Finally, the Michigan State Spartans have a fully recuperated roster, but are they ready to make that desired NCAA tournament run?
At the beginning of the season, they were regarded as one of the premier teams in the nation and emerged as one of the early favorites to win the NCAA tournament. Now, 31 games and an injury-plagued regular season later, they are entering the Big Ten tournament having failed to win consecutive games since Jan. 21.
Their inability to play well consistently is troubling. However, there was only so much the limited Spartans could do with their key players sidelined for such an extensive period.
Now, they're back.
But not altogether as Keith Appling's wrist is still healing. The Spartans have finally returned Branden Dawson and don't seem to be hindered by any ailing setbacks.
Collectively, MSU is improving, although it still has some pressing issues.
First, Sparty is still having trouble stopping teams. In its last five games, the team hasn't held an opponent to less than 46.7 percent shooting from the field, which largely explains why it lost three of those contests.
Its rotations aren't quick enough, and players haven't been able to contain ball-handlers. Ohio State, a squad not revered for its offensive explosiveness, drove into the lane and found open players at will.
That's a troubling prospect, considering Michigan State's individual talent on that end of the floor. Appling is known for disrupting ball-handlers and setting the tone. Gary Harris is third in the Big Ten in steals and was named to the All-Defensive First Team for the conference. Adreian Payne and Matt Costello are solid rim-protectors, and Dawson is as versatile as they come.
Yet the issues continue to present themselves.
It could be a lack of continuity. This team hasn't practiced at full strength for more than a couple weeks in a very long time, though the learning curve should accelerate because of this team's experience with one another.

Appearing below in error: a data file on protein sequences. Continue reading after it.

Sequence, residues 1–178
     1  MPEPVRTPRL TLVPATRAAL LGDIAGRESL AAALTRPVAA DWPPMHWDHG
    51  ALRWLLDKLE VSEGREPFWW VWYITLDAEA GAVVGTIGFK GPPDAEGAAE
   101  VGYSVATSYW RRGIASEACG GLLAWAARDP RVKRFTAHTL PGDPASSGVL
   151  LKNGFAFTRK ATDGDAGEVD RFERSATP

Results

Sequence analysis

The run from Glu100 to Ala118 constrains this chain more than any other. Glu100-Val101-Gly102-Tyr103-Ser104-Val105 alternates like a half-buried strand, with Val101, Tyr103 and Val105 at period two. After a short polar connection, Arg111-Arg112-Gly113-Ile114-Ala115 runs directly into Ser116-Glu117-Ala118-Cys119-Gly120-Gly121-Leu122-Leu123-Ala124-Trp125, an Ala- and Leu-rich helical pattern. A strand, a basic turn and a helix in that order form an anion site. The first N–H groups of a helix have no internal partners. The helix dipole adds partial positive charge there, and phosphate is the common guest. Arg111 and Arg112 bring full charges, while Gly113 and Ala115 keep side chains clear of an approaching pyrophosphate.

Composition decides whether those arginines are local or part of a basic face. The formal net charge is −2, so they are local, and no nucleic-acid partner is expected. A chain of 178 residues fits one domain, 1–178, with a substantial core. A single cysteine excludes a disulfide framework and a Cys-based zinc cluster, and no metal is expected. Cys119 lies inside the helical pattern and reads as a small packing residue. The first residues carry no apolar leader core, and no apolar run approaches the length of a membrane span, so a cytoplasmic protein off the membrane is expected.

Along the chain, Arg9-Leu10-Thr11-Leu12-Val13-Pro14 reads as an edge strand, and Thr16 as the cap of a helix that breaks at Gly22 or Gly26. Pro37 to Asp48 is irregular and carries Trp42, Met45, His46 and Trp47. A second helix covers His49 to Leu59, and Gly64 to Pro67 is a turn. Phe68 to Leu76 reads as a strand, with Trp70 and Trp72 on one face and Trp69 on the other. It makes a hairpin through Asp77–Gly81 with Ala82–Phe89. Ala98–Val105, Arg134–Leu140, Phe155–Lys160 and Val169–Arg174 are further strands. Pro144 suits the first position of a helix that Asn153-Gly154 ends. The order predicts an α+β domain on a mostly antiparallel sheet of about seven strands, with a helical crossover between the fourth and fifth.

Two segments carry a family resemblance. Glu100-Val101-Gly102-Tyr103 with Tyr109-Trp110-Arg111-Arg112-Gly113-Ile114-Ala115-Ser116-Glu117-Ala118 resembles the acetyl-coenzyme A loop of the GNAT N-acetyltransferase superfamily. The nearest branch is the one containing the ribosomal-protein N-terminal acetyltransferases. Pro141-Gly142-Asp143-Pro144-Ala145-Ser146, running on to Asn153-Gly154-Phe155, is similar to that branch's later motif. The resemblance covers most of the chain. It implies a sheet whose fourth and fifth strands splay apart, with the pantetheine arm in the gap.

Additionally, it has had issues with foul trouble. Denzel Valentine and Dawson played less than half of the Ohio State game for that reason alone, and there were three starters with four or more fouls.
What's more troubling is how State has failed to physically impose its will on smaller teams. On both the defensive and rebounding fronts, this team hasn't played the way past Michigan State teams have.
Whatever the issue may be, Izzo must get his guys back to playing Spartan defense. It is holding opposing teams to 40.1 percent shooting from the floor for the entire season, which proves that State has the capabilities to suppress opponents completely.
The Spartans did it earlier in the season. Once they practice and play together more, they will return to their previous stingy, cohesive self.
On a positive note, Appling has clearly gotten more comfortable putting pressure on his wrist. He knocked down two three-pointers in the Iowa game, which helped break it open for the Spartans. While his performance in the Ohio State game wasn't quite as stellar, it's certainly comforting knowing he can run the team without favoring one side anymore.
Appling hasn't fully returned to his former self just yet, but by tournament time, he should be very close.
Another encouraging sign is Dawson's return to normalcy. Much like Payne, though not in the same dominant fashion, Dawson's insertion into the lineup has been a smooth one. In the Iowa contest, he had seven rebounds, blocked three shots and recorded five steals.
That game epitomized Dawson's multi-faceted skill set. He is a game-changer, and Appling is the rock—both are essential pieces to Michigan State's success.
Collectively, the level of play has recently risen. The offense has run more fluidly, and during sporadic stretches, has looked unstoppable. The Spartans must sustain more quality stretches on both sides, however.
But talent is certainly not an issue. Perhaps no other team has three All-American-esque players, mixed with incredible athletes and fantastic specialists. Beyond the starting five, State has quality backups. Travis Trice has played admirably in the last several games and Kenny Kaminski leads the Big Ten in three-point shooting percentage.
Talent is a necessity for any tournament success. But talent mixed with experience and fantastic coaching is a rarity, especially in today's world of college basketball.
Right now, the Spartans have all of that. They are tracking toward becoming that championship-caliber team they displayed at earlier stages in the season, though they must work to rectify their defensive and rebounding issues.
The Big Ten tournament is a perfect precursor for the Big Dance. According to Joe Lunardi's latest projected bracket, six conference teams appear to have at-large bids, which will adequately prepare Michigan State for the tournament.
A convincing victory followed by a nail-biting loss in a raucous environment are positive signs for Sparty. The team surely has improved over the last ten days or so.
Just imagine where it will be over the next ten. By the time March 20-21 arises, Izzo will have this team poised for a deep run.